Ineos plans low-carbon hydrogen plant

Article by Amanda Jasi

INEOS is inviting major engineering design contractors to tender for the next stage of the design of a world-scale hydrogen manufacturing plant and major associated infrastructure, taking a step towards delivering a sustainable, net zero carbon future at its site in Grangemouth, Scotland.

In September 2021, the company announced it would invest £1bn (US$1.35bn) to reduce emissions at Grangemouth by moving to production and use of hydrogen by all business at the site, including its New Energy Plant. The plant, due for commissioning in 2023, will employ highly efficient technology to supply energy to all site operations and reduce emissions by at least 150,000 t/y. It will later be converted to run on hydrogen, further reducing CO2 emissions.   

Access to locally-produced hydrogen will also benefit other assets at Grangemouth, displacing hydrocarbons and fuelling assets such as an existing combined heat and power plant, KG ethylene plant, and assets in the Petroineos refinery. Petroineos is a refinery and energy trading joint-venture between PetroChina and Ineos.

The scope of the engineering design includes a new hydrogen distribution network throughout the site and modifications to the existing gas network. It is also planned that there will be capability to link hydrogen production to third parties in the local area, supporting development of a local hydrogen hub.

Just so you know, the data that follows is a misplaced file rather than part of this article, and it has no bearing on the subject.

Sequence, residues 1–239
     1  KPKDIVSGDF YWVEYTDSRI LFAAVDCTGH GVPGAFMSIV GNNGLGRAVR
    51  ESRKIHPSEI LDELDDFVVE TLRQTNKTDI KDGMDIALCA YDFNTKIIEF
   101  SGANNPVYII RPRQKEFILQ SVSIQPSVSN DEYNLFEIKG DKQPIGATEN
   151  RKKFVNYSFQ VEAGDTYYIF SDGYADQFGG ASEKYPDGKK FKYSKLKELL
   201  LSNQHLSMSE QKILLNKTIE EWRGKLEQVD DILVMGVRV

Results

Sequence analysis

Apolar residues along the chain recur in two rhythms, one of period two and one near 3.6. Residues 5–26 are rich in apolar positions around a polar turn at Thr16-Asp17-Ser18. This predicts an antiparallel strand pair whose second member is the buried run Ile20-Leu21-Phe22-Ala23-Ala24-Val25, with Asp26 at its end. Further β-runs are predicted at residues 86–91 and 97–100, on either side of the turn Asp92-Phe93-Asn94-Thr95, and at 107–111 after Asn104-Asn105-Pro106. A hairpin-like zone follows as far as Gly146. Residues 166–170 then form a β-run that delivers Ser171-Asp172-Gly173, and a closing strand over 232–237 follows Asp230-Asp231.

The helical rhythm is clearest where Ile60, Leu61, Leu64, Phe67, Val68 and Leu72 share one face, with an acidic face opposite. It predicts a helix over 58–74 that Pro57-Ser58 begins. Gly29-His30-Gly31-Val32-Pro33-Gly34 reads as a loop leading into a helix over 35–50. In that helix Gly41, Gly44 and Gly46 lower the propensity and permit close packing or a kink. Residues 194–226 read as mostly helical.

The planned hydrogen project will have access to Scottish Cluster carbon capture and storage (CCS) infrastructure. More than 1m t/y of CO2 from the hydrogen plant will be sent directly offshore through existing pipelines for geological storage under the North Sea. Ineos is a partner in the Scottish Cluster, which is delivering CCS, hydrogen, and other low carbon technologies to support Scotland, the UK, and Europe to meet net zero goals.

Stuart Collings, CEO of Ineos O&P UK, explained that the CO2 captured will be routed to the Scottish Cluster’s Acorn CCS project.

Andrew Gardner, Chairman of Ineos at Grangemouth, said: “The construction of a world-scale, low-carbon hydrogen plant is an exciting development at Grangemouth and one that will deliver on our commitment to achieve net zero by 2045. It builds on the significant CO2 reductions we’ve already made at Grangemouth since we acquired the site in 2005. We are determined to reduce our own emissions to net zero, create products that will help others reduce their emissions, and play a leading role in a clean hydrogen revolution.”

Article by Amanda Jasi

Staff Reporter, The Chemical Engineer

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